This week’s make left me reeling with possibilities. I struggled with games and systems, but spaces and stories are where I breathe freely.The problem is not a lack of ideas, but rather, choosing which one to follow.
My first instinct was to keep the space simple and literal. There is so much beauty in the natural world that it is difficult to imagine my world without access to the river and trails along the Chattahoochee River as it winds its way through Georgia. I am grateful for a cell phone with a good camera so I can capture moments like this one. The outdoor space reminds me that my life is more than classrooms and grades and lesson plans. I am an educator, but I am made up of more than that. I am part of the world around me, something I keenly feel as I run through misty mornings.
Growing up in California I was never more than three hours from the Pacific ocean. The is a power in the crashing of the waves across the jagged rocks that cannot be duplicated. For me, the ocean is a metaphor for God: strong, unending, ever present, soothing, and unsafe.
Since moving across country, I have missed that easy connection to the Eternal. The sea is where my soul finds rest. I am grateful for friends who, several years ago, introduced me to a little blue house in Gulf Shores, Alabama, where we now spend a week of every summer. The Gulf of Mexico is a far cry from the wild Pacific, but the waves still beat a soothing rhythm that slows the frenetic pace of my mind. I breathe deeply, taking in the warm air and expelling the stresses and struggles that I always seem to carry with me. Gulf Shores has become my happy place, where there are no expectations, no demands, and no need to accomplish anything more than a few watercolors, some photography, and some light reading – and then only if I want to. I have the blissful freedom there to sit for hours and just watch the water and the gulls if that is my heart’s desire.
But spaces are not always real, physical places. And there are times when the natural world is beyond reach. At those moments, the most important space is the mind. Imagination is available to everyone, no matter the circumstance. There is no constraint on what the mind can create. Imagination turns ballerinas into fairies, mirrors into passageways to strange lands, and ordinary men to superheroes. Imagination is free, accessible, and user friendly. It is imagination that creates artists and poets and inventors and explorers. It is imagination that makes good teachers great. Connected learning requires imagination. Imagination allows current events to mix freely with classical literature and mid-century music. Imagination connects art to books, allowing students who struggle to write to find a voice. Imagination looks beyond standards to the individual students and finds ways for each to succeed.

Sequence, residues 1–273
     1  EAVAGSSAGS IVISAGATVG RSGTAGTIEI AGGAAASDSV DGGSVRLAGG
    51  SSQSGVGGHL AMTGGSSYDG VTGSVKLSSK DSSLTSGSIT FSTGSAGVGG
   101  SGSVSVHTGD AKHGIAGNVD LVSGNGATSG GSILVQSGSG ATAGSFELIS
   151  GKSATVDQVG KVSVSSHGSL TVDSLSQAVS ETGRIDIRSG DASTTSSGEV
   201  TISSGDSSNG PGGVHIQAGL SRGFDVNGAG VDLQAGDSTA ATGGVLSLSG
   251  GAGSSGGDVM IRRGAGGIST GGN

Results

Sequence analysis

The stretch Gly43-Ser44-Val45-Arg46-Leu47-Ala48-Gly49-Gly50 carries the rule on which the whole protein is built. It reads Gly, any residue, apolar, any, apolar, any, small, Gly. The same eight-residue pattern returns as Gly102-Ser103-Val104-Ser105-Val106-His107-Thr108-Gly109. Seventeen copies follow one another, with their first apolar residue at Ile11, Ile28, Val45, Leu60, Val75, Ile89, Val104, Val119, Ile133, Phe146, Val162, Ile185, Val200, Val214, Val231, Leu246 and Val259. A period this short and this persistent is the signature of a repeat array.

Related to imagination is another space called reflection. This space is more challenging to access than pure imagination, but it affords an opportunity to analyze reality through an imaginative lens. Reflection requires brutal honesty, a willingness to admit wrong, and a commitment to changing course when it it necessary.
As educators, reflection is important, both in personal practice and pedagogy. When we practice reflection, we envision improved ways to connect with our students and make the content relevant to their lives. When we teach reflection, we empower our students to really own their work rather than do what they think we expect from them. It is in reflection that we remember why we became educators in the first place: to expose teens and young adults to the beauty and satisfaction of critical thinking, creative analysis, and a world beyond the textbook or standardized test. And it is in reflection that we reaffirm our commitment to pushing back against the status quo and reaching for what is best for our students and ourselves.